I wake up in the middle of the night, mouth parched and vision blurry, and fumble around to find my iPhone. I press my thumb to the fingerprint scanner, and in the dim blue light, just out of...
Connect to the Internet, work with your files, lock your workspace, listen to music and do so much more with the help of Bluetooth technology.
I admit it, some tools confuse me. I know they must be amazing, because programs don't get popular by being dumb (well, reality TV, but that's another story). I have the same sort of confusion with...
Debian Project Aims to Keep the CIA Off Our Computers

Debian Project Aims to Keep the CIA Off Our Computers

Lunar, one of the lead developers on the Debian ReproducibleBuilds project, has recently outlined a serious security hole that could impact all open-source software, including most Linux distributions. It potentially exposes users to unwanted scrutiny from third parties, including security agencies. His project is designed to close this hole.


SUSE – “Will not diverge from its Open Source roots!”

No one had a busier LinuxCon show than the folks at SUSE. Yet still they were gracious enough, and care enough about the community, to sit down for a talk with Linux Journal. more>>

BitTorrentSync: Dropbox for Nerds

It's not really fair to compare Dropbox directly with BitTorrentSync. First of all, my title implies Dropbox is somehow inferior. To be honest, I haven't found anything that works as smoothly as Dropbox when it comes to sync reliability and ease of installation. That said, although it has incredible strengths, it also has a few shortcomings. more>>

GeekGuides Practical books for the most technical people on the planet

New GeekGuides: DIY Commerce Site and Combating Infrastructure Sprawl

GeekGuides are practical (and free!) books for the most technical people on the planet. Newly available books include:


Non-Linux FOSS: PlexConnect

It's no secret that I'm a huge fan of Plex. It might be a secret, however, that I live in a house with quite a few Apple products. That said, I find the Apple TV to be one of the most limiting, frustrating set-top boxes to work with. (I'm sure most readers would agree.) I prefer to be a lover, not a hater, so I searched long and hard to find a way to make the Apple TV suck less. more>>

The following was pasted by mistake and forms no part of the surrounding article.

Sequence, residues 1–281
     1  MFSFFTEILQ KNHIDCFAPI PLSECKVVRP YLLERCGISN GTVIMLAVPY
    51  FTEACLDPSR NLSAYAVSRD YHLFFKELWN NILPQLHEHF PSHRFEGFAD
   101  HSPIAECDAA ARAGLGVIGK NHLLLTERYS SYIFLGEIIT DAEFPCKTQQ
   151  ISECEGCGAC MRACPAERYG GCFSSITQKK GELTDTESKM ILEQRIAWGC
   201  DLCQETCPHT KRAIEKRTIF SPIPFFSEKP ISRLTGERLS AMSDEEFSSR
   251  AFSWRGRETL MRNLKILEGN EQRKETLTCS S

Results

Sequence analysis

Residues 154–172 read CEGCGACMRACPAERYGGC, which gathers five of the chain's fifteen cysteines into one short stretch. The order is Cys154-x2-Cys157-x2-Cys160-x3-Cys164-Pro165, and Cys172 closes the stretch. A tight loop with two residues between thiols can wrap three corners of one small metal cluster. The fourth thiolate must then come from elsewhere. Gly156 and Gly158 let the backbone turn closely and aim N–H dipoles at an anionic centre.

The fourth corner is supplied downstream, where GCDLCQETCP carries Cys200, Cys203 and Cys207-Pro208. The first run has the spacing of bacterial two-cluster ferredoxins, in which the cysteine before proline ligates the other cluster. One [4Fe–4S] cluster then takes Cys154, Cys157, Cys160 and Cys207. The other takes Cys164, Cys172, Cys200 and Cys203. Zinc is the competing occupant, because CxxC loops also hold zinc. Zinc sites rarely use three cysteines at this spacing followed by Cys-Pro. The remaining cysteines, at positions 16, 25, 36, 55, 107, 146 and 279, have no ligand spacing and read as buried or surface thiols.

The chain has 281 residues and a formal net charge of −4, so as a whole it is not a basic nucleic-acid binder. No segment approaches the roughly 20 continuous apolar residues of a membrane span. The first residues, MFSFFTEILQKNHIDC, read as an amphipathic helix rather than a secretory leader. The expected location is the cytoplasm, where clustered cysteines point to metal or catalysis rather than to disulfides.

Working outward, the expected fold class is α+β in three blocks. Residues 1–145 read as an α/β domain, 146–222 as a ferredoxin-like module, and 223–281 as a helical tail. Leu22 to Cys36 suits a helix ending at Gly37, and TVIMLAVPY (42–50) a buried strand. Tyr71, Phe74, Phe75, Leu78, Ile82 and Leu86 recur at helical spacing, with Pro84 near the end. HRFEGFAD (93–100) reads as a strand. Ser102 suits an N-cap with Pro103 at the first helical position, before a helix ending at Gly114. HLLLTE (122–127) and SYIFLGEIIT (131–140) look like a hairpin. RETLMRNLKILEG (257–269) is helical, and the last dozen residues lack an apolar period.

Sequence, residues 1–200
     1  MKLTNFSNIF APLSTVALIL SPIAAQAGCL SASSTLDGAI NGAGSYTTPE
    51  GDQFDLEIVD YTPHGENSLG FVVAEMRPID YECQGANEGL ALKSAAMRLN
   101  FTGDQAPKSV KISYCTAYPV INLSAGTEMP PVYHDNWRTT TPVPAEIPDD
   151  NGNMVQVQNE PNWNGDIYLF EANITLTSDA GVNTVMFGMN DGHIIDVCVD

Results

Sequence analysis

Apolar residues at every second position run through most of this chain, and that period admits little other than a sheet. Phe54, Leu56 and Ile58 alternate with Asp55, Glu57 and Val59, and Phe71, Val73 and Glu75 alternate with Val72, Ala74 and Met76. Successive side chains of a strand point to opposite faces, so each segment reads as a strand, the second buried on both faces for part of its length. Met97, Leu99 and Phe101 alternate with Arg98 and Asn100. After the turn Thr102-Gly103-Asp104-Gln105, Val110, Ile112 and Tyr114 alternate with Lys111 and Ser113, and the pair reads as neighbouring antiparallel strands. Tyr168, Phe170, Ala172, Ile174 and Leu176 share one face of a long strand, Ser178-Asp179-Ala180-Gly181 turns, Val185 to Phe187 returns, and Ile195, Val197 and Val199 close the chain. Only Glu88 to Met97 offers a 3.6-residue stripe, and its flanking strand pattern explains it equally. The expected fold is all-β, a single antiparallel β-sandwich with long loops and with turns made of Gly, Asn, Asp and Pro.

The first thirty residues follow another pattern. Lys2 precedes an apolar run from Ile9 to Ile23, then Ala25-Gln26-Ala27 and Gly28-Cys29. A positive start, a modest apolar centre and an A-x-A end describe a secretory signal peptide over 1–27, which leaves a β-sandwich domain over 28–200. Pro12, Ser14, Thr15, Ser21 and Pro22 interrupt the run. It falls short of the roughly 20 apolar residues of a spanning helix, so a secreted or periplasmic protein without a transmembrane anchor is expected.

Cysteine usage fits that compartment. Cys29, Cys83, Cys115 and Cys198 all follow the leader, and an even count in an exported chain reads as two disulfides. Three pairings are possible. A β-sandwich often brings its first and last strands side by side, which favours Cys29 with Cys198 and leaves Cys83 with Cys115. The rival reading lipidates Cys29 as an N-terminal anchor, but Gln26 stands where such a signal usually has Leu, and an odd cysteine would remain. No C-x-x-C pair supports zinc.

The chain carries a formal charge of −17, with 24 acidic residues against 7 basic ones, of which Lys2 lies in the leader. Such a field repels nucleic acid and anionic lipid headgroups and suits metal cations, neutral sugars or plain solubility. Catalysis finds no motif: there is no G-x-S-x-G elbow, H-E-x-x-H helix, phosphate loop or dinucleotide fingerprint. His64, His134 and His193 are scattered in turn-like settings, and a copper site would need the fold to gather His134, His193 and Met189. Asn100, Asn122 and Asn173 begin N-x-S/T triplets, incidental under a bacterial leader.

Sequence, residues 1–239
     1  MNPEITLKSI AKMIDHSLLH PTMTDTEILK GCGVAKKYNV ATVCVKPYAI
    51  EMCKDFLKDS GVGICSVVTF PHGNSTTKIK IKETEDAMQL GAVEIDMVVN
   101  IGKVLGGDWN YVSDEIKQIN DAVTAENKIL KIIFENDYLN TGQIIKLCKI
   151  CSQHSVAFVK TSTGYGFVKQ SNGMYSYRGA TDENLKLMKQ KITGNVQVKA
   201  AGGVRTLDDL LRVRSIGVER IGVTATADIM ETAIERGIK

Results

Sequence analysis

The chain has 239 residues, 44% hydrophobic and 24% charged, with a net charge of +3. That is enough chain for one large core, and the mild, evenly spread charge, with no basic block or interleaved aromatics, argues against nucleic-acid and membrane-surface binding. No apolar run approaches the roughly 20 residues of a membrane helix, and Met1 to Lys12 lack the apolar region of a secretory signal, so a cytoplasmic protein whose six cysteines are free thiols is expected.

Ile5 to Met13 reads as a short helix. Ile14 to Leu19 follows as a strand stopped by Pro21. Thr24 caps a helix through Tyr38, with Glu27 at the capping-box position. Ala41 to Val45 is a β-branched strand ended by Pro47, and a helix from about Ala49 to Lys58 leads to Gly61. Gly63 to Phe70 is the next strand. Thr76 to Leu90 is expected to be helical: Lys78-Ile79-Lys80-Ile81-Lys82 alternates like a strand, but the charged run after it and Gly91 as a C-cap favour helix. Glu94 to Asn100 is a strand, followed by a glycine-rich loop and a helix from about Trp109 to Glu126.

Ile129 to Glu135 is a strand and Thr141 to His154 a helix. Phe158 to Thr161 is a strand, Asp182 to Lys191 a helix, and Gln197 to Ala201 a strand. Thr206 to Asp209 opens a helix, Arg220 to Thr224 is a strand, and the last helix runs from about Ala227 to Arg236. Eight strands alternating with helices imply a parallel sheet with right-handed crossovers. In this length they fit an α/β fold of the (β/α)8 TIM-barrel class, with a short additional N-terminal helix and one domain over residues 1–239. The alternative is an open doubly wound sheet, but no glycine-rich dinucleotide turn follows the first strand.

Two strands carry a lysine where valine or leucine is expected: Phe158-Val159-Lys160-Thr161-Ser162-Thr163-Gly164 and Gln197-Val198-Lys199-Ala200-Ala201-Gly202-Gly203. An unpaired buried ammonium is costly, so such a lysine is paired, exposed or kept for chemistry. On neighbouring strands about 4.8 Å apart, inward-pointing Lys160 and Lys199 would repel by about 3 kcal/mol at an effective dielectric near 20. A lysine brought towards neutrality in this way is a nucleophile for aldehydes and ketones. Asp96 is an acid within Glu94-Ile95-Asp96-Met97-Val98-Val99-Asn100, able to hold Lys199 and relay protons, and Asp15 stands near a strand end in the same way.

diff -u: What's New in Kernel Development

Boot times can become slow on systems with many CPUs, partly because of the time it takes to crank up all the RAM chips. Mel Gorman recently submitted some patches to start up RAM chips in parallel instead of one after the other. more>>

Android Candy: Copay—the Next-Generation Bitcoin Wallet

When I hear the word "copay", I think of the doctor's office. Thankfully, the Copay app from the folks at Bitpay doesn't cost you anything, and it keeps your Bitcoin healthy and secure. I've mentioned many Bitcoin wallet applications and cloud solutions during the past few years, but Copay truly is different. It has features other wallets can't touch, such as: more>>

The True Internet of Things

Before the Internet there were just nets, and they didn't get along. Each was a country or a city-state of its own, with hard boundaries that could not be crossed—or could be crossed only if the owners of the networks created closed and silo'd ways of doing it. more>>

September 2015 Issue of Linux Journal: HOW-TOs

How to Do That Thing You Do

I love to learn. I've always been a learner, so grade school and college were both extremely enjoyable for me. more>>

Using tshark to Watch and Inspect Network Traffic

Most of you probably have heard of Wireshark, a very popular and capable network protocol analyzer. What you may not know is that there exists a console version of Wireshark called tshark. The two main advantages of tshark are that it can be used in scripts and on a remote computer through an SSH connection. more>>

Where's That Pesky Hidden Word?

I've been promising my 11-year-old for a long time now that I'd write a program that would let you build custom word searches based on a list of words given by the user. I wrote one years and years ago in C, but since I can't find that code any more and wanted to tackle another interesting project for this column, that's what I'm going to look at herein. more>>

A Project to Guarantee Better Security for Open-Source Projects

With many open-source projects built on top of others, a security weakness in a common piece of infrastructure can have far-reaching consequences. As OpenSSL's Heartbleed security hole demonstrated, these vulnerabilities can appear in even the most trusted packages. more>>

My Network Go-Bag

I often get teased for taking so much tech hardware with me on trips—right up until the Wi-Fi at the hotel, conference center or rented house fails. I'm currently on vacation with my family and some of our friends from Florida, and our rental home has a faulty Wi-Fi router. Thankfully, I have a bag full of goodies for just this occasion. more>>

Doing Astronomy with Python

One of the things that makes Python so powerful is that you can find a module for almost anything. In this article, I cover Astropy, which was originally developed by the Space Telescope Science Institute for doing astronomy calculations like image processing and observatory calculations. more>>

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